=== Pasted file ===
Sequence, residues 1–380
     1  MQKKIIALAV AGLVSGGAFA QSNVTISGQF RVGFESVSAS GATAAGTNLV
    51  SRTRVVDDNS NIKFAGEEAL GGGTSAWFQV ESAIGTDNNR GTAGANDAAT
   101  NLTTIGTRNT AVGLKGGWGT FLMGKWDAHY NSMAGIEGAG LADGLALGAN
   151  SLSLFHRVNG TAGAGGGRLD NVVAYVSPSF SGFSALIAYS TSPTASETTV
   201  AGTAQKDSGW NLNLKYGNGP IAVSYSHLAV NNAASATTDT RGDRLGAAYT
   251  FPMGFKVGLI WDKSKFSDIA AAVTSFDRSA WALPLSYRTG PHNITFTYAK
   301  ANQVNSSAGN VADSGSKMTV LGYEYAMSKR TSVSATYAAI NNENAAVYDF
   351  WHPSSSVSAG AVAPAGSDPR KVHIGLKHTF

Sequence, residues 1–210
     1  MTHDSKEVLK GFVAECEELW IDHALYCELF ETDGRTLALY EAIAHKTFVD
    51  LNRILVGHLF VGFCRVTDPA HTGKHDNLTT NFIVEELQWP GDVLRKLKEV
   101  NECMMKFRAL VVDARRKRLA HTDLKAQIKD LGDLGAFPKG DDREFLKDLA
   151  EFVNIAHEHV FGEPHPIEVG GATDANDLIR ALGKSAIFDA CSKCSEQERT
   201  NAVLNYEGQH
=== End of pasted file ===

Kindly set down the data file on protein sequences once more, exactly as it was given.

Sequence, residues 1–380
     1  MQKKIIALAV AGLVSGGAFA QSNVTISGQF RVGFESVSAS GATAAGTNLV
    51  SRTRVVDDNS NIKFAGEEAL GGGTSAWFQV ESAIGTDNNR GTAGANDAAT
   101  NLTTIGTRNT AVGLKGGWGT FLMGKWDAHY NSMAGIEGAG LADGLALGAN
   151  SLSLFHRVNG TAGAGGGRLD NVVAYVSPSF SGFSALIAYS TSPTASETTV
   201  AGTAQKDSGW NLNLKYGNGP IAVSYSHLAV NNAASATTDT RGDRLGAAYT
   251  FPMGFKVGLI WDKSKFSDIA AAVTSFDRSA WALPLSYRTG PHNITFTYAK
   301  ANQVNSSAGN VADSGSKMTV LGYEYAMSKR TSVSATYAAI NNENAAVYDF
   351  WHPSSSVSAG AVAPAGSDPR KVHIGLKHTF

Sequence, residues 1–210
     1  MTHDSKEVLK GFVAECEELW IDHALYCELF ETDGRTLALY EAIAHKTFVD
    51  LNRILVGHLF VGFCRVTDPA HTGKHDNLTT NFIVEELQWP GDVLRKLKEV
   101  NECMMKFRAL VVDARRKRLA HTDLKAQIKD LGDLGAFPKG DDREFLKDLA
   151  EFVNIAHEHV FGEPHPIEVG GATDANDLIR ALGKSAIFDA CSKCSEQERT
   201  NAVLNYEGQH